Monday, 21 November 2011

"Don't you miss your parents?"

This is a question that I get asked, generally with great anxiety in the eyes of the asker, somewhat regularly.  It's usually asked by people with grown children.  I'm sure I'm not the only expat that gets this question.  People, both in the UK and the US, say that they can't imagine living 5000 miles away from their loved ones.

My answer to this question is always 2 fold.  The first part is: "Sure", "Of course", "Yes".  I miss my family- especially as Thanksgiving draws near and as I think about my family not getting to meet my baby as soon as he's born.  My family is great and I love to be around them.  They are fun and love me and I love them.  (I once had a supervisor at a placement during my Master's Counseling program question my suitability and desire to be a counselor, as I didn't have any stories of how my family was screwed up.  Needless to say, she had issues.)  Obviously, I'd love to see my family more often and be with them whenever I want.

Me and mom on a cruise (2006)

But.  BUT!  I'm 32 years old.  I haven't lived with my parents (full-time) in 14 years.  I went home for holidays and the summer while I was in college, but by then my parents had moved from Dallas (which was an hour from where I went to college) to Washington, DC.  Not exactly close.  Then I went to graduate school.  In Dallas.  Eventually my parents did move back to Texas, but they were (and still are) in Houston- so a 1 hour flight or a 4 hour-ish drive.  Sure I could go visit for a weekend, but it wasn't like we were neighbors before I moved to England.

Me and my brother's trademark side-long suspicious glance 
with Greyfriar's Bobby (2007)

I still talk to my parents every Sunday night, just as I have done since I left home for college.  I occasionally email or chat online with my mom during the week.  Every once in awhile my dad will email me with some interesting news story that he thinks I'll enjoy.  We keep in touch plenty.  In an age of email, chat, and skype being in England isn't that different than being in a several hour drive away.  To be honest, this holiday season is the first time that it's really hitting me, since we went to Texas for both Thanksgiving and Christmas last year.  If something were really wrong, we're still only a plane ride away (albeit a long one) from my loved ones.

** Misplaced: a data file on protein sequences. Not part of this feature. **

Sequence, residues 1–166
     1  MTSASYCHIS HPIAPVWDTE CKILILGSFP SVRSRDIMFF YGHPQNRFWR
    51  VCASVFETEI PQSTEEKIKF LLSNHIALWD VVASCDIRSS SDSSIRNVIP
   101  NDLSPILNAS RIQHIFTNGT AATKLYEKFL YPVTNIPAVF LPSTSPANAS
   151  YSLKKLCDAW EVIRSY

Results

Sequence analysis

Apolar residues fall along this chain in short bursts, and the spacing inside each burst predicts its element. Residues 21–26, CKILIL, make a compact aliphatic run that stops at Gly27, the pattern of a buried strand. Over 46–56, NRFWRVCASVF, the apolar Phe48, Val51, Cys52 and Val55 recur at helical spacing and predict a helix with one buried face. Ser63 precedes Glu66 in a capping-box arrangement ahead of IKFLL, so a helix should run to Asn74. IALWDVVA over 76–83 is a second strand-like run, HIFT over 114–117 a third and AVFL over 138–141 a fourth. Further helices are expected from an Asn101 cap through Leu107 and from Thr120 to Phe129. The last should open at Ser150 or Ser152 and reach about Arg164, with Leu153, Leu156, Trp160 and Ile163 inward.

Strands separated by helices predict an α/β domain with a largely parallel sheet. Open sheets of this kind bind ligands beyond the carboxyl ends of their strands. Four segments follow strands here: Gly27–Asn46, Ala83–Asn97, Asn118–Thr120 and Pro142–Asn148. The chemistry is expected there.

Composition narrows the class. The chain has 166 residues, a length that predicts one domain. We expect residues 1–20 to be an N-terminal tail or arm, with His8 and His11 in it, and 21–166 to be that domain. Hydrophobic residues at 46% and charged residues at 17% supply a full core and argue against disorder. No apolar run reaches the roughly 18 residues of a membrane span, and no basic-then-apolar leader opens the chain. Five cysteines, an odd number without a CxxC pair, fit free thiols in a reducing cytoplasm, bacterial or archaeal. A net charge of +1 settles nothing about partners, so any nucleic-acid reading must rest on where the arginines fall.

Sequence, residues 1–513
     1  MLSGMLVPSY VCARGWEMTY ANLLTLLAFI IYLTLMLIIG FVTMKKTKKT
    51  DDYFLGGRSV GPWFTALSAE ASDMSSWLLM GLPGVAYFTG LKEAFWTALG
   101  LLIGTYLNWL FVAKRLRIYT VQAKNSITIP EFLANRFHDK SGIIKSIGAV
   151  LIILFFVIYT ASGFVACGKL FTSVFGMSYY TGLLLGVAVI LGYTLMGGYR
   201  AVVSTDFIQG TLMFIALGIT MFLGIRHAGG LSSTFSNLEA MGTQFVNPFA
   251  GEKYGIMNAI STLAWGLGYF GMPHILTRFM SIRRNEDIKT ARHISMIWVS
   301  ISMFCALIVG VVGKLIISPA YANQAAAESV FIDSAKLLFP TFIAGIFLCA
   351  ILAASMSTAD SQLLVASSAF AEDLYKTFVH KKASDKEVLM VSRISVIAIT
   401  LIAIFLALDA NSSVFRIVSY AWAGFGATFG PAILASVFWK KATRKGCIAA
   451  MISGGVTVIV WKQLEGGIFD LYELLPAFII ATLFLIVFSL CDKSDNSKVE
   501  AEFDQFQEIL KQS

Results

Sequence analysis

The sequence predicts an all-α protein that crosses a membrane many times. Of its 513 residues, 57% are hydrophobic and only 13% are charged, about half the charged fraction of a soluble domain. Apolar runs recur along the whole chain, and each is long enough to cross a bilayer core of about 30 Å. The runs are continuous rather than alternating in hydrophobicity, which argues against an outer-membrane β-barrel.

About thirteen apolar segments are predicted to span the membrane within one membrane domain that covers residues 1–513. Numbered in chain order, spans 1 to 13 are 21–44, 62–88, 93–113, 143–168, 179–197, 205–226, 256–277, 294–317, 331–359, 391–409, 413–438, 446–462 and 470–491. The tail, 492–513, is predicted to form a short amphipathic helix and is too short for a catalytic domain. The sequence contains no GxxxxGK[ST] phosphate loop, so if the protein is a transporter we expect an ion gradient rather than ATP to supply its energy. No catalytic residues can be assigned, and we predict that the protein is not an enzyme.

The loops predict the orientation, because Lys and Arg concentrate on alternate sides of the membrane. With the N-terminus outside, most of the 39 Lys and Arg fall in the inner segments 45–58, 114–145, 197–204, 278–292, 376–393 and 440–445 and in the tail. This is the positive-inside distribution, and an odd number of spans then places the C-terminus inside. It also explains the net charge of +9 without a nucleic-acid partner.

Me and Dad in front of the ancestral home (2011)

When I explain all that as the "on the other hand" part answer to the question, I'm frequently met with looks of horror and stammering and confusion.  The looks they give me seek reassurance that I do actually love my family.  Never fear.  I do.  A whole heapin' lot.

It's just that I also love my husband.   And our unborn son.  And the family that we are making.  Which just happens to be here- 5000 miles from my parents.  While it sucks sometimes, the love that Ross and I have makes it all worthwhile.  My family loved me and supported me while I was growing up so that I'd be free and confident to make my way in the world (even though none of us imagined that would involve me moving to England!), and that means the world to me.  I hope Ross and I can do the same for our kids.

Can you imagine living in a different country from your family?
My expats:  Do you get this question to?  What do you answer?


  1. I get the question all the time, and I have to admit that my answer usually involves some variation on "but we'll probably move to the States when we want to start a family." To be honest, though, I don't think we will - and I think it's going to be very hard! Totally worth it, but very hard.

  2. Roots and wings, Baby girl, roots and wings! Speaking for all those parents out there it is hard for us, too - especially at holiday time. BUT, proud to be parent of a daughter who takes courageous action and has the confidence to do so - and has found a soul mate to build a new chapter of her life with. Miss you, wish you were here, but.....

  3. I honestly think the people who are so shocked by that are looking for reinforcement for their own life. They're wanting reassurance that if their kids move away (or they already have) that they will REALLY miss the parents. If you're confident in your relationship with your family, this isn't really that shocking. My mom lives in Montana now and I've lived in a city with no family since I graduated college. I only see most of them a few times a year. Skype is a wonderful invention for people living abroad! Almost makes it like being there.

  4. I've actually never had anyone ask me that. I have been asked by many people about how my parents feel about me living in Kenya and travelling throughout Africa though. I just tell them that a) I'm an adult and my parents respect my life choices and b) my parents are very proud of the fact they raised such an independent daughter who takes her values (those same ones they instilled in me) seriously and is willing to move halfway across the world to do a job that she feels passionate about.